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When you're miles from the ordinary, anything is possible
After his best friend dies, Charlie (Jason Flemyng - The Curious Case of Benjamin Button) hits the road and stumbles into Lighthouse Hill, a village where residents seem to know a lot more about him than they should. While the strange town grows on him, Charlie finds himself falling for Grace (Kirsty Mitchell - Butterfly Man), an intriguing local woman. As their romance blossoms, Charlie realizes that life is simpler and clearer if there is love to shed some light on it.
Top Customer Reviews
Charlie Davidson, an outwardly successful man, struggles against societal expectations. Charlie is publisher of an award-winning magazine, yet sees only his failures. After an investor backs out of a deal that would take the magazine to greater heights, Charlie and his partner are put into a terrible bind. Charlie's first instinct is to run, and the characters he meets along the way could fill a season full of Seinfeld episodes.
The original music, by Christopher Gunning, is evocative of both the locations and the emotions. Cinematograher Tony Imi does some excellent exterior work. I only wish we had more shots from the top of the lighthouse. Imi and editor Alan Strachan do a good job "dirtying up" some flashback footage to excellent effect.
The cast is good, with standout performances by Jason Flemyng as Charlie, John Sessions as Mr. Reynard and Annabelle Apsion as Honey Alexander.
The screenplay by Sharon Cobb has some nifty twists. I empathize with both Charlie and his mother. Ms. Cobbs writes well-rounded characters: there are no Snidely Whiplashes here.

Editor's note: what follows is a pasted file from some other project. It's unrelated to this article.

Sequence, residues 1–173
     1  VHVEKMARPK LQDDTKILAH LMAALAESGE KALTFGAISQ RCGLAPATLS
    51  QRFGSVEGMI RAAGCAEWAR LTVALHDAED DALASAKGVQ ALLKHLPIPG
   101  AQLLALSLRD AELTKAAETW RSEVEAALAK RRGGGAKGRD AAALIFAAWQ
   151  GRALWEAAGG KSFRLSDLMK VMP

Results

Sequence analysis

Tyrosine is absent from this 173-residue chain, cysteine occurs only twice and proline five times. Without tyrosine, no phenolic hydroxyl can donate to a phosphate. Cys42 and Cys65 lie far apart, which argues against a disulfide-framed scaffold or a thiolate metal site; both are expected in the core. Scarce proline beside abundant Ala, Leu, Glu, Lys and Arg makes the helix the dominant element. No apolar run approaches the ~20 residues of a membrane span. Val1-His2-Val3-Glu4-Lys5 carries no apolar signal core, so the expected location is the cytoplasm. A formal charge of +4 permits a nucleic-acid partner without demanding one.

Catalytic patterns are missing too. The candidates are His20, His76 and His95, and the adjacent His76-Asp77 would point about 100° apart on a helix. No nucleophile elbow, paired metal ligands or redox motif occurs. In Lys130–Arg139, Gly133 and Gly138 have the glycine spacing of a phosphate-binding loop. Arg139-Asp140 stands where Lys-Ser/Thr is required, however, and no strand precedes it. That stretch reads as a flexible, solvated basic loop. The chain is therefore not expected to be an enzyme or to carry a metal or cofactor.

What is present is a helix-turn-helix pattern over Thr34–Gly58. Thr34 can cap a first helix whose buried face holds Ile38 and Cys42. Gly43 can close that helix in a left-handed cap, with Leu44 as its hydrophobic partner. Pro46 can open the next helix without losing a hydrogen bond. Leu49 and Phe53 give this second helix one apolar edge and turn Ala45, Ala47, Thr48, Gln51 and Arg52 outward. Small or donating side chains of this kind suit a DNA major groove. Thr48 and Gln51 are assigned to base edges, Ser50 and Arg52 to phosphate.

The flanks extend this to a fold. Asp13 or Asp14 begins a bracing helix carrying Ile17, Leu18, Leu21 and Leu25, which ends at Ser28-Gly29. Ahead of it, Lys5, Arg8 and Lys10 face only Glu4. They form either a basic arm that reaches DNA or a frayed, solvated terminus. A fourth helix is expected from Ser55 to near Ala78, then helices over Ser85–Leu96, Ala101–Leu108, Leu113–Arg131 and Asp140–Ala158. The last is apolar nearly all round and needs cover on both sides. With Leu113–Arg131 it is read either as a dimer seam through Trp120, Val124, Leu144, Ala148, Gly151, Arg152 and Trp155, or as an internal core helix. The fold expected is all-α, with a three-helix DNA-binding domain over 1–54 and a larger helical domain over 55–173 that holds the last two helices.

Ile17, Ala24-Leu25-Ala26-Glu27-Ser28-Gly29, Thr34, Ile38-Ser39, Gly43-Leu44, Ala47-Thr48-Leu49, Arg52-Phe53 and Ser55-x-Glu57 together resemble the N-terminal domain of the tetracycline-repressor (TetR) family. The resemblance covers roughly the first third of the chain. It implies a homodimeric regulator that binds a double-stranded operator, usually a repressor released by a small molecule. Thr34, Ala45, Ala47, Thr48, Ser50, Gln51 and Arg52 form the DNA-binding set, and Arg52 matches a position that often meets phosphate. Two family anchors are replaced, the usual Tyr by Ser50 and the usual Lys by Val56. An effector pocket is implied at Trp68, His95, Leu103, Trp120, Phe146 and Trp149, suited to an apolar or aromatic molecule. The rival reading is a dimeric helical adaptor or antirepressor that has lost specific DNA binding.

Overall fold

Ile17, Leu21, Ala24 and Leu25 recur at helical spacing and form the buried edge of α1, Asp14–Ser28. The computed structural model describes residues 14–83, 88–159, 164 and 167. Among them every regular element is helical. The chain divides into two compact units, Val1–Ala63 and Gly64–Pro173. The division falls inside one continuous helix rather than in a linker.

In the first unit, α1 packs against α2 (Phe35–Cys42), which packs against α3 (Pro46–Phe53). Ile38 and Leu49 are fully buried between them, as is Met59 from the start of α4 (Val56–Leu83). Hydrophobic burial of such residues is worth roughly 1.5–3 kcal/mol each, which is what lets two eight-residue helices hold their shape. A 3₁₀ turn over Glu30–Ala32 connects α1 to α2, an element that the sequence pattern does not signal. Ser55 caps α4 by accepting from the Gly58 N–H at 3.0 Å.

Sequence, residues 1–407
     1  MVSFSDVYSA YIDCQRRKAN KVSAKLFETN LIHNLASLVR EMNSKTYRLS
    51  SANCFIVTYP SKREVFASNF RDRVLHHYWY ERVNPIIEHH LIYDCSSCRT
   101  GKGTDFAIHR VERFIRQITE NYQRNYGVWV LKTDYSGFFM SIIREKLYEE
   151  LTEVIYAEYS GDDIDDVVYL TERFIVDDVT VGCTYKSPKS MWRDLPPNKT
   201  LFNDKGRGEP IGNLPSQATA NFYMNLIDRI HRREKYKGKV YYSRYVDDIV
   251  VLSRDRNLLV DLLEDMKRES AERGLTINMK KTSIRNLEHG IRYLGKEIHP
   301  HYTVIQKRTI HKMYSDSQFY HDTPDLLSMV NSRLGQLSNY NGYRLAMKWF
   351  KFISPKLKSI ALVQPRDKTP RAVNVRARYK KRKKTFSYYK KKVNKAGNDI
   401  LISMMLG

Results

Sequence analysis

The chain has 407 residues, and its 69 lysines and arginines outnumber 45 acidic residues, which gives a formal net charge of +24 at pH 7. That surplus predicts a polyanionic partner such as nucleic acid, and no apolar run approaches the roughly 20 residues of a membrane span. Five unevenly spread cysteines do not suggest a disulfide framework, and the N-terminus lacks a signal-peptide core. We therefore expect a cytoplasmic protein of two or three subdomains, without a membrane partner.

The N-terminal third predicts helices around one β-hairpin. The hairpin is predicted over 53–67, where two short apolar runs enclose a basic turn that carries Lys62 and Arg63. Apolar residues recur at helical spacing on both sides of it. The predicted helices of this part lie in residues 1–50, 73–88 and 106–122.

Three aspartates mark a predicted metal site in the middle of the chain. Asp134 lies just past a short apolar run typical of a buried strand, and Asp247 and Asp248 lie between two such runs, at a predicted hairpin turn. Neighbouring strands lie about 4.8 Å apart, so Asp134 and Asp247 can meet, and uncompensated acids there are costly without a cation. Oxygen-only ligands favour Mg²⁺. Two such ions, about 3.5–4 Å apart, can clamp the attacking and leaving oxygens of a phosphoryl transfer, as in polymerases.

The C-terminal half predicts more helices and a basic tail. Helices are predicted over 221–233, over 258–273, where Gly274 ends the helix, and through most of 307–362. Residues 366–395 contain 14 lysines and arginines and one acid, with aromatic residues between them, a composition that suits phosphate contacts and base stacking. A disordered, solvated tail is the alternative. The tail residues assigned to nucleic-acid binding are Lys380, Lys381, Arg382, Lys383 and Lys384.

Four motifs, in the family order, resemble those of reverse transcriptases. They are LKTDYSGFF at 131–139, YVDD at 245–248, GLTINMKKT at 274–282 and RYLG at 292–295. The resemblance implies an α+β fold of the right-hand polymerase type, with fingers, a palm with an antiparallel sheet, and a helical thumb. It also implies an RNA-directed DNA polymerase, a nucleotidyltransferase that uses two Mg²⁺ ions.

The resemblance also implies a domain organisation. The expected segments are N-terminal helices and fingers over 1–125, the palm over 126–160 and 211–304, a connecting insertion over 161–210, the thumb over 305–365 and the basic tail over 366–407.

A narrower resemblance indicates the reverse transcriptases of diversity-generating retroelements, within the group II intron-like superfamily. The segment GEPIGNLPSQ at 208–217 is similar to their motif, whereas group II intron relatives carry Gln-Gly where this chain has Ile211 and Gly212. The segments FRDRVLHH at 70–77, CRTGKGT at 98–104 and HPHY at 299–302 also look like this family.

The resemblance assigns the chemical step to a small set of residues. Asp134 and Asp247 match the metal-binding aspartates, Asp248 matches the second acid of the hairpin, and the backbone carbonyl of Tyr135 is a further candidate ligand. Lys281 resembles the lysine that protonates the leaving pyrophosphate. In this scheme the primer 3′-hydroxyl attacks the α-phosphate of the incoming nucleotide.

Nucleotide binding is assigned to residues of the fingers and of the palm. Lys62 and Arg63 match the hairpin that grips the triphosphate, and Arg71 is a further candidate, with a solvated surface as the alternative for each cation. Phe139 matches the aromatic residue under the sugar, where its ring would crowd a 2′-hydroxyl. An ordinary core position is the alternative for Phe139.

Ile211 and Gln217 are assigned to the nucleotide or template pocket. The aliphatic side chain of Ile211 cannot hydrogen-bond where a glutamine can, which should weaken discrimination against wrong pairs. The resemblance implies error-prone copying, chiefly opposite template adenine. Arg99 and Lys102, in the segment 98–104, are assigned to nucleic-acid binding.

There is excellent chemistry between Charlie (Jason Flemyng) and Grace (Kirsty Mitchell).
Lighthouse Hill, a quirky British romantic comedy starring Jason Flemyng, is a feel-good story telling us we can find hope and love in very strange places. When Charlie meets Grace, the village beauty following her father's footsteps restoring an "antique" carnival, everything about this odd town, and his life, begins to make sense.
Directed by David Fairman, the film is awkward in direction and editing in some scenes, well done and hilarious in others. Sharon Y. Cobb's delightful script has you identifying with at least one of the characters. Whether it's Grace, as she honors her dead father's dream, Charlie, as he becomes aware of the irony of his choices, or Alfred's inability to cope with his son's death 20 years ago, someone in the story will move you. You will find the film's sweetness mixed with lots of sass keeps it from becoming overly sentimental or sappy.
Good date movie! Curl up with your partner, a favorite glass of wine and enjoy its "magic".
Jason Flemyng (almost 25 films ago as this was made in 2002) plays our lost soul who stumbles upon this mysterious carnival town while being pursued by loan sharks. The small staff of squatters appear to be insightful regarding life, love and the pursuit of happiness, but not all is well as the outside world tries to keep him trenched in reality. The love interest, played by Kirsty Mitchell, is a ringer for Jennifer Connelly and as it played in the store several customers thought it was a JC film.
The story is basic, the filming low budget, but it has a feel-good theme to it of finding love and happiness. Flemying seems out of place, but fans of his might want to see a different role outside of the Guy Ritchie/Bobby Z kind of roles. The film had a hard time finding what it wanted to be, maybe somewhere between a romcom and a fairy-tale town, but never really gets there either way. DVD is devoid of anything extra and the sound is 2.0. Would recommend as a mellow evening rental.
Most Recent Customer Reviews
This could have been a favorite movie of mine - a nice escape with it's fun humor, romance and good actors. Read morePublished 11 months ago by Mrs. N